Singapore's first monkeypox case confirmed

Singapore's first monkeypox case confirmed

A healthcare worker administers a monkeypox vaccination at a clinic in Montreal, Quebec, Canada, on June 6, 2022. (Photo: Reuters)
A healthcare worker administers a monkeypox vaccination at a clinic in Montreal, Quebec, Canada, on June 6, 2022. (Photo: Reuters)

Singapore’s health authorities have confirmed the country’s first imported case of monkeypox since 2019, joining at least 42 countries that have reported such infections this year.

The virus was detected in a 42-year-old male British flight attendant who tested positive on June 20 and is currently in stable condition at the country’s National Center for Infectious Diseases, the country’s health ministry said in a statement late Tuesday. The city-state last confirmed an imported case of monkeypox in May 2019.

The latest case involves the flight attendant and 12 other flight crew classed as close contacts and currently in quarantine, according to a person with direct knowledge of the situation. The British High Commission in Singapore is said to be in discussions with the airline and local authorities to help repatriate the flight crew.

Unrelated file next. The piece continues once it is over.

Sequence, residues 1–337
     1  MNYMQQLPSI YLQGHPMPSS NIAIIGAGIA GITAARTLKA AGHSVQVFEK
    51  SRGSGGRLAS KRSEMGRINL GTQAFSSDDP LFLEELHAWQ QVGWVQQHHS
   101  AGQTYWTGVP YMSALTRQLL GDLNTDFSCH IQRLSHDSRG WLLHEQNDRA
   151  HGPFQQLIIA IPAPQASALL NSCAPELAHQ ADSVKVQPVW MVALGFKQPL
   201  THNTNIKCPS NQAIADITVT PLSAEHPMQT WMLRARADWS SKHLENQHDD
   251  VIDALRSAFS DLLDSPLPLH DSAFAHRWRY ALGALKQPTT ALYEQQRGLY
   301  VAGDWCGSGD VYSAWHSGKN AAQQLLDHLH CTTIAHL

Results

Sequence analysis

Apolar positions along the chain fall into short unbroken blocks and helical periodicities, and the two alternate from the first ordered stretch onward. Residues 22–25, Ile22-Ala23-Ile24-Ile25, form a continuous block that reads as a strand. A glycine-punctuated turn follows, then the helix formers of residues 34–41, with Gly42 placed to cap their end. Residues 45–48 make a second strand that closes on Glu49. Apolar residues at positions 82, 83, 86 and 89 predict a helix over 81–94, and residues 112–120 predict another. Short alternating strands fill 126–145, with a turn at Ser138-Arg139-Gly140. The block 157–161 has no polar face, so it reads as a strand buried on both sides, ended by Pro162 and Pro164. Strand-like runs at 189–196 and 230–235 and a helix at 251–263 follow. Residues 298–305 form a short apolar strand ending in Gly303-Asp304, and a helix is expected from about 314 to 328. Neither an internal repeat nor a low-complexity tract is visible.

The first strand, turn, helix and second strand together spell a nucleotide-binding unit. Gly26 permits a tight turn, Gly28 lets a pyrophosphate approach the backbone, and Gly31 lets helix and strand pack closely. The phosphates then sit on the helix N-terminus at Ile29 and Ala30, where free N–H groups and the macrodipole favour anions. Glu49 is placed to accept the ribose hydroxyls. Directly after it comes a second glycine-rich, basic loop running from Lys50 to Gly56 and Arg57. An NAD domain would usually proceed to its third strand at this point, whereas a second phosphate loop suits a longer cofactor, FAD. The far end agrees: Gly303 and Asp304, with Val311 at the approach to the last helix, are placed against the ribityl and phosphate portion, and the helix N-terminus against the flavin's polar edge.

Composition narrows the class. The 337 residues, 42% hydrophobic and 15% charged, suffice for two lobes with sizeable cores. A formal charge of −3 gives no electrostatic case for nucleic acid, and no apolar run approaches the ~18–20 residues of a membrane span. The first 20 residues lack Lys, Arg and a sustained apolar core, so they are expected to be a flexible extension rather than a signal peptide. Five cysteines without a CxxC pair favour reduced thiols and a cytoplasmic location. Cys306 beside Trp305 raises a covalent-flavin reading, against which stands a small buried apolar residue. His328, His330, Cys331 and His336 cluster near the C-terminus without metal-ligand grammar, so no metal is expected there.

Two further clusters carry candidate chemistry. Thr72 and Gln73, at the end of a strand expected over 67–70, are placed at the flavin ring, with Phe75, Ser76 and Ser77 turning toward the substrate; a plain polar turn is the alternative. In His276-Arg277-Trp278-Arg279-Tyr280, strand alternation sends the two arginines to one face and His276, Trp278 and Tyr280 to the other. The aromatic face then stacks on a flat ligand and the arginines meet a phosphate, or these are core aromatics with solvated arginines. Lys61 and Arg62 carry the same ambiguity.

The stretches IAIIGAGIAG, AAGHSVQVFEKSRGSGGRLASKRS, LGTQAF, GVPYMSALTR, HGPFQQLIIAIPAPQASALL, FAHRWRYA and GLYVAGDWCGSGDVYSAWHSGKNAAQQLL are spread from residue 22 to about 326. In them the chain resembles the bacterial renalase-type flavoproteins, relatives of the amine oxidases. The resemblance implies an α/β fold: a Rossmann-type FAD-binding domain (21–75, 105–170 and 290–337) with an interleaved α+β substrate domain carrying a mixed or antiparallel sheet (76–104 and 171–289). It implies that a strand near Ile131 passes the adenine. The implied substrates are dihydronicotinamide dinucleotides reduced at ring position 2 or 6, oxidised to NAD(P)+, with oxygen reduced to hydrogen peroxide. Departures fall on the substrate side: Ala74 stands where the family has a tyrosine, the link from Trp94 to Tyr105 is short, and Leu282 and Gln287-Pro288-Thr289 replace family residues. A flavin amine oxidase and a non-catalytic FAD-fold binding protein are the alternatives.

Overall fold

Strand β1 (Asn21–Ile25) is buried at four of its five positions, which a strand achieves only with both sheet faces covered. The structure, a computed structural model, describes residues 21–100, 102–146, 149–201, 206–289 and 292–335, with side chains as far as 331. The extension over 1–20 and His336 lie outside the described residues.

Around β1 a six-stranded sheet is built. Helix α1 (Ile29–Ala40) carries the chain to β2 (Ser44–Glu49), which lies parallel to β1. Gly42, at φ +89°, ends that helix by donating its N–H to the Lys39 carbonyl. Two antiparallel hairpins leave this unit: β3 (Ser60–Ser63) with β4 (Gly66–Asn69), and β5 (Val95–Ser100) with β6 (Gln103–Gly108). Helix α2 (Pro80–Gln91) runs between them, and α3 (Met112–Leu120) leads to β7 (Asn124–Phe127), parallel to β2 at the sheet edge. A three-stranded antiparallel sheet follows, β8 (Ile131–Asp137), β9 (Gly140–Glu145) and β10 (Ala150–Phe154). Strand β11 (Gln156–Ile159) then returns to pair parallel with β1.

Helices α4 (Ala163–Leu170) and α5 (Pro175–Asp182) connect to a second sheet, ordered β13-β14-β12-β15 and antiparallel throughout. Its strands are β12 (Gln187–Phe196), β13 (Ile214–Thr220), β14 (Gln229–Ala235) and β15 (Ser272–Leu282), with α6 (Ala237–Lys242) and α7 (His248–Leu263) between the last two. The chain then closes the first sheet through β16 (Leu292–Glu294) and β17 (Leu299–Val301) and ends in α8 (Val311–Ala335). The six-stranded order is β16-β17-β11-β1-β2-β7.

In an emailed statement, British Airways said it was working closely with health authorities and providing support for the crew.

A recent resurgence of the viral disease, which typically leads to symptoms such as fever and rash, has led to more than 2,100 cases being found across the globe as of mid-June, according to data from the World Health Organization (WHO). The majority of cases have been reported in Europe, with cases also cropping up in Australia and the United States.

Transmission of monkeypox typically requires direct contact with bodily fluids, infectious sores, or contaminated material, according to the WHO. Symptoms usually last two to four weeks, although some severe cases can prove fatal.


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